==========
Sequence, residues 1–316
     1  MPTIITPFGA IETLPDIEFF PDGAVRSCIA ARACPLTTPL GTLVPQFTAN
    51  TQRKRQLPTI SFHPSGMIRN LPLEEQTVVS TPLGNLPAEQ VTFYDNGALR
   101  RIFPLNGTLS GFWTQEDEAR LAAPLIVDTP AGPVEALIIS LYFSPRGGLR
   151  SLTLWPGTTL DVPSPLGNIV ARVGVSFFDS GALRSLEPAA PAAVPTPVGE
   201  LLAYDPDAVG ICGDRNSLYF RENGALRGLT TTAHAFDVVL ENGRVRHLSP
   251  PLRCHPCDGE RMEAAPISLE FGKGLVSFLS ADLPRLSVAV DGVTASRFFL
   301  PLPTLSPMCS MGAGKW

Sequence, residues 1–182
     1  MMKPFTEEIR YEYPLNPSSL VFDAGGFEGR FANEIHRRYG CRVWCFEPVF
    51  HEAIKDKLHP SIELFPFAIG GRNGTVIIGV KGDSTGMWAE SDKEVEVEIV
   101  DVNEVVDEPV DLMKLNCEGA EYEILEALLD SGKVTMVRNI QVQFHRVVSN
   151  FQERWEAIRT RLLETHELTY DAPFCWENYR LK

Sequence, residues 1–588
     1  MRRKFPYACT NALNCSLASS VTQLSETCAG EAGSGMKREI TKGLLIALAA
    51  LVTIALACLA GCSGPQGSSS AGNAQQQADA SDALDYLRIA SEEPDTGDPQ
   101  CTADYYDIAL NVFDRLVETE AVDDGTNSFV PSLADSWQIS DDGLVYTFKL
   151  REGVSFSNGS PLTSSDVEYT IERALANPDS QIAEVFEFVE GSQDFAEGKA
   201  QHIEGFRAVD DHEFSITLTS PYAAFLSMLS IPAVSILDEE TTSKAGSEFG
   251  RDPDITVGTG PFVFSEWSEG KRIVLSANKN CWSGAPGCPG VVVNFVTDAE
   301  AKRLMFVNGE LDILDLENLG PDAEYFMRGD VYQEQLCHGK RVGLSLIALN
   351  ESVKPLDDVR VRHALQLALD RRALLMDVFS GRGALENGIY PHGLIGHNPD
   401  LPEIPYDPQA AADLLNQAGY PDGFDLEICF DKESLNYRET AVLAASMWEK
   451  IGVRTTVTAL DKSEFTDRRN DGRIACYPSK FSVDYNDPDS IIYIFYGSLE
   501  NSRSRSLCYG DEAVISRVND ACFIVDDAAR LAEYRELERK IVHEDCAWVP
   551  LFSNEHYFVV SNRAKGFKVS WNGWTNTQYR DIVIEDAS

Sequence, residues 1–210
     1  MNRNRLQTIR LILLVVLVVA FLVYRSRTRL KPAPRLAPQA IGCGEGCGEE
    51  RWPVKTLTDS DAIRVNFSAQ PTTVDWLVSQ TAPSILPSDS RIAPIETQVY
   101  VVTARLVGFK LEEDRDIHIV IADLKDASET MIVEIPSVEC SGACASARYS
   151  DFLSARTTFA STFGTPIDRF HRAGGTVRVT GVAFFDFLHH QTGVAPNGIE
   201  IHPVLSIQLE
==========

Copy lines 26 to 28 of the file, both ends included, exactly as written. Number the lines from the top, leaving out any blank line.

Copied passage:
   551  LFSNEHYFVV SNRAKGFKVS WNGWTNTQYR DIVIEDAS

Sequence, residues 1–210
     1  MNRNRLQTIR LILLVVLVVA FLVYRSRTRL KPAPRLAPQA IGCGEGCGEE